U.S. Marines participates in a security patrol in Gorgak district of Helmand province of Afghanistan on August 25, 2010. Military leaders have expressed concern that the recent debt bill in Washington may have severe cuts in defense spending. UPI/Hossein Fatemi | License Photo
WASHINGTON, Aug. 5 (UPI) -- As the dust temporarily settles in the U.S. deficit debate military leaders are sounding the alarm over a "doomsday" provision in deficit reduction legislation.
The mechanism could trigger another $500 billion in across-the-board cuts by the U.S. Department of Defense over the next decade instead of targeted cuts of about $350 million if Congress doesn't pass a separate spending package.
"If that happened … it would result in a further round of dangerous cuts across the board, defense cuts that I believe would do real damage to our security, our troops and their families and our military's ability to protect the nation," Defense Secretary Leon Panetta said this week.
Chairman of the Joint Chiefs of Staff U.S. Navy Adm. Mike Mullen, was of like mind, saying: "The Defense Department may represent 50 percent of the discretionary budget in this country but there is nothing discretionary about the things we do every day for our fellow citizens … the U.S. military remains the linchpin of defending our national interests."
"Debilitating and capricious" cuts threaten U.S. capability to meet threats, he said.
The United States spends about 5 percent of the nation's gross domestic product on defense when overseas operations are factored in. That's the largest of amount in the world.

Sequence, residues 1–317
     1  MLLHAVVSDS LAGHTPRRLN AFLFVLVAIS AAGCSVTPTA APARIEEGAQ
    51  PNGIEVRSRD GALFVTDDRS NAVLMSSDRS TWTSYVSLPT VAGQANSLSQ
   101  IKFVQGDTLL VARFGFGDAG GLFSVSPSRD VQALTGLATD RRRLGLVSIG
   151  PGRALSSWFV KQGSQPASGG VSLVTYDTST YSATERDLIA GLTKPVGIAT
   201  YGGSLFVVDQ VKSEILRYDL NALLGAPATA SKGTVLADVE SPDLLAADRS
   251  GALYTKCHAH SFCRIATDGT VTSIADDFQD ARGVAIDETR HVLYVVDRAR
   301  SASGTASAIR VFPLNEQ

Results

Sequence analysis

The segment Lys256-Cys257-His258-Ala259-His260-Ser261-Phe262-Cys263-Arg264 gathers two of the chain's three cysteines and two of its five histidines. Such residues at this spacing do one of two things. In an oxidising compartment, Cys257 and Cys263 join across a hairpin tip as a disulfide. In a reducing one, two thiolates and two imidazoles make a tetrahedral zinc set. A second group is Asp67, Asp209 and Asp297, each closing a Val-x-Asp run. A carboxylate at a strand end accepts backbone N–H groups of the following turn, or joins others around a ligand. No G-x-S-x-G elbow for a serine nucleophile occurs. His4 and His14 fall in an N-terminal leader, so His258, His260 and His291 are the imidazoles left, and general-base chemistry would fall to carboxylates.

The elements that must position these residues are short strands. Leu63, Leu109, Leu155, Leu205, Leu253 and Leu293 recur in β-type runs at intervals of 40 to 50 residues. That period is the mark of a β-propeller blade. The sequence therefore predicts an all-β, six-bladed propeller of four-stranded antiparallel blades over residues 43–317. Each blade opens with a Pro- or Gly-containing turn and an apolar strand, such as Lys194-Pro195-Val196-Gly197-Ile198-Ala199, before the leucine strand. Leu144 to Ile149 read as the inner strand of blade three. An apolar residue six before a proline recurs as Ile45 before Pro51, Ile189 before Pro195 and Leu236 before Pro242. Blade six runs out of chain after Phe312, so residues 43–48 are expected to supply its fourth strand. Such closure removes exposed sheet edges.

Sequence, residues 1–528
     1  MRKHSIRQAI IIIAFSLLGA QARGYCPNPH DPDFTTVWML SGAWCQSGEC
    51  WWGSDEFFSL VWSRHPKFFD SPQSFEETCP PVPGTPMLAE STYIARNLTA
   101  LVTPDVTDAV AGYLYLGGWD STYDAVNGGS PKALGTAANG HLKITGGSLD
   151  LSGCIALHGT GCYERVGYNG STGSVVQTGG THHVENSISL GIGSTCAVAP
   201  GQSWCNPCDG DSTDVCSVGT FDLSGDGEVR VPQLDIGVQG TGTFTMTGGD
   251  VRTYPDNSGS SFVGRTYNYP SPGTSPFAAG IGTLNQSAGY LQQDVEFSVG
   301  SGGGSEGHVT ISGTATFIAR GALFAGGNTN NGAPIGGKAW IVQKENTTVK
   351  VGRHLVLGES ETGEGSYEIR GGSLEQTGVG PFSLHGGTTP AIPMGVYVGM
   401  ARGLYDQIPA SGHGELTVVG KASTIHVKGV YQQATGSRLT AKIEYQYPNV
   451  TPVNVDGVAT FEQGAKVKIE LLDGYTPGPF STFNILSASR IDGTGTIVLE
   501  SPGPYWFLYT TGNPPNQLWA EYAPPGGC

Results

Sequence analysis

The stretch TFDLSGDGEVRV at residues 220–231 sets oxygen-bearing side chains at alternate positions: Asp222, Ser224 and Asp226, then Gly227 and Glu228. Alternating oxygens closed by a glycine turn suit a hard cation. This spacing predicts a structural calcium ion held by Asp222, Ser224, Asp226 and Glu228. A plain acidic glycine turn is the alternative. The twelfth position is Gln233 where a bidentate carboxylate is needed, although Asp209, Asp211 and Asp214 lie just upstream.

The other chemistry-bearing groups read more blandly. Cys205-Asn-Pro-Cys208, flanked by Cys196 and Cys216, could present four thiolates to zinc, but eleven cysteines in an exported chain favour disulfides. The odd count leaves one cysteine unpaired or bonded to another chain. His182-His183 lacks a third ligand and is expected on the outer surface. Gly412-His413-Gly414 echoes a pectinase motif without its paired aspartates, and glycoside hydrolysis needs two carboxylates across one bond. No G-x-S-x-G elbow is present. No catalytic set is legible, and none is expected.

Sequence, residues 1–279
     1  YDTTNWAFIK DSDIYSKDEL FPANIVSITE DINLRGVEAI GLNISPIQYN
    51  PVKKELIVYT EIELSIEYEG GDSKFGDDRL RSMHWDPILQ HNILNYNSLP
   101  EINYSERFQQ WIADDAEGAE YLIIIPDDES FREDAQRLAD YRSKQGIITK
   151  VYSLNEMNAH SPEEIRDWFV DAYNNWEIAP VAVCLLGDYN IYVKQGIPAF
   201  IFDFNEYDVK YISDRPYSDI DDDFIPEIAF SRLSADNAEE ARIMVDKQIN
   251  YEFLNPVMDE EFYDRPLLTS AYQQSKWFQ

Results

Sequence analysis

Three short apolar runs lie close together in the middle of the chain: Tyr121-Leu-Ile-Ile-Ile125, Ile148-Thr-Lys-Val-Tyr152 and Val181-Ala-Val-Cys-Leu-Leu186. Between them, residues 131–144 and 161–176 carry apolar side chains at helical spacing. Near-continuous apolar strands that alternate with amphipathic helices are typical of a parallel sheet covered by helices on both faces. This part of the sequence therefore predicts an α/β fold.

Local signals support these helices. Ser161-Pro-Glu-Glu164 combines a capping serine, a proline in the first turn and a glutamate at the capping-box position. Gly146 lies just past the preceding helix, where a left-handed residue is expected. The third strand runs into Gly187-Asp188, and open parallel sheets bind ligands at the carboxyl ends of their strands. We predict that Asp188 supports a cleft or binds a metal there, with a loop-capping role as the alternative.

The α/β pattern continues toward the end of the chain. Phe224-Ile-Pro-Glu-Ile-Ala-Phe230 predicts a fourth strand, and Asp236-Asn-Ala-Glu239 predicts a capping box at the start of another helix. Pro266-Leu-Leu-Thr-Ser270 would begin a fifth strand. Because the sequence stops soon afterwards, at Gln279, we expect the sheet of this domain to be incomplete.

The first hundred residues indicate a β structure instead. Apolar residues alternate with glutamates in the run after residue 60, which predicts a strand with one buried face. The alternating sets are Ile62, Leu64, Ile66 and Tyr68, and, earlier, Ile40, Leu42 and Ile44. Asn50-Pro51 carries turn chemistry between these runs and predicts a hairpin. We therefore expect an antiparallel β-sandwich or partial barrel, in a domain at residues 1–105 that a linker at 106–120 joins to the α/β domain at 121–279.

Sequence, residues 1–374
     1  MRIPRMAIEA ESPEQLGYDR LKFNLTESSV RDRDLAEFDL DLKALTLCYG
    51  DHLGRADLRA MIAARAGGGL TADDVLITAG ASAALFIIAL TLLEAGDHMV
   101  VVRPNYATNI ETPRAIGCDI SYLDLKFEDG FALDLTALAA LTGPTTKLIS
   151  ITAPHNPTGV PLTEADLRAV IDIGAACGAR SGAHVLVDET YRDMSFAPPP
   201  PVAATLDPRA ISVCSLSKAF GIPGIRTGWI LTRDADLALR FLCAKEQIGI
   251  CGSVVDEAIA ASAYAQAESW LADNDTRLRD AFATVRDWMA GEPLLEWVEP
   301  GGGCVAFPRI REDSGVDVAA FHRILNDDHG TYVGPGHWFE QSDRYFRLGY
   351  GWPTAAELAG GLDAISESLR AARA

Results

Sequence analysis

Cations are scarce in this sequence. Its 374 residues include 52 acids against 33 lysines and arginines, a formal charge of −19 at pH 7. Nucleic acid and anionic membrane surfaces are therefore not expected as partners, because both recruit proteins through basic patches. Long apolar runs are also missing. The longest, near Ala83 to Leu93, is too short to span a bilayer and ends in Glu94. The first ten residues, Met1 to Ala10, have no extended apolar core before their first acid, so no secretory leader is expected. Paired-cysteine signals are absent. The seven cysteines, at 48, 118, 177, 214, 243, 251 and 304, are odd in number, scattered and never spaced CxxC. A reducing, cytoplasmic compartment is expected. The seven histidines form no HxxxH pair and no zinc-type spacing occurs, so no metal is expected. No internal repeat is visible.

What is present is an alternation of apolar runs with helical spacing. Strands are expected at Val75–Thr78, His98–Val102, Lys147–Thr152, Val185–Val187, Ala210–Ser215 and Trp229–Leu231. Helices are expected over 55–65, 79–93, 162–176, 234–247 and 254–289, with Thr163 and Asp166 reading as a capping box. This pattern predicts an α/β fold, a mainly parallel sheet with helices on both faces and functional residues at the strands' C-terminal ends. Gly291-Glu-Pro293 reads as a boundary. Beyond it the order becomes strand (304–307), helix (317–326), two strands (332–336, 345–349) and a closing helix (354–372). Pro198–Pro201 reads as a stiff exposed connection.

A recent report by the Center for Strategic and International Studies, a Washington think tank, stated that U.S. spending accounted for about 46.5 percent of global military spending in 2009.
China, a potential adversary that is rapidly modernizing its military and that doesn't have overseas operations, accounts for about 6.6 percent of spending.
The rock-and-a-hard place the United States finds itself in on military spending ironically comes after former Secretary of Defense Robert Gates strongly chastised America's NATO allies for failing to adequately fund their militaries or even meet the NATO requirement of a minimum of about 2 percent of GDP.
Speaking to NATO members in June, he said the alliance had turned into a "two-tiered" organization. There were those willing and able to bear the price of alliance commitments and those who won't share the risks and costs.
The Pentagon since April has been looking at spending cuts under urging from U.S. President Barak Obama to trim $380 billion-$400 billion over the next decade, so the current plan is in line with that. But it's the doomsday mechanism of across-the-board cuts that has leaders worried.
"Make no mistake about it," Panetta said. "We will face some tough challenges here as we try to meet those numbers. But those numbers are within the ballpark that we were discussing with both the president and (Office of Management and Budget)."
Recommendations are due later this year. One big ticket program under scrutiny is the costly F-35 Joint Strike Fighter.
How the Pentagon handles the biggest portion of the defense budget -- personnel costs and benefits, such as healthcare for dependents and retirees, remains to be seen.
"We have to protect our core national security interests, we've got to be able to provide the best military in the world and we cannot break faith with the troops and their families," Panetta said.